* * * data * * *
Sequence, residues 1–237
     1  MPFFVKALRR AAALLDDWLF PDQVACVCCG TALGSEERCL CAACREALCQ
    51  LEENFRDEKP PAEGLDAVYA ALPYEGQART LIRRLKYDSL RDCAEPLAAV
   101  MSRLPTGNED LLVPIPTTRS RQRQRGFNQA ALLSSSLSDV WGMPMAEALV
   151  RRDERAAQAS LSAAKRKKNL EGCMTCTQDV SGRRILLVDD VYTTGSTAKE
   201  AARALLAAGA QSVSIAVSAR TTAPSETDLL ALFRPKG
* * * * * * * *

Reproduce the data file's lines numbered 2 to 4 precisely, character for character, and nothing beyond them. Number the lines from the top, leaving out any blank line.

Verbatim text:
     1  MPFFVKALRR AAALLDDWLF PDQVACVCCG TALGSEERCL CAACREALCQ
    51  LEENFRDEKP PAEGLDAVYA ALPYEGQART LIRRLKYDSL RDCAEPLAAV
   101  MSRLPTGNED LLVPIPTTRS RQRQRGFNQA ALLSSSLSDV WGMPMAEALV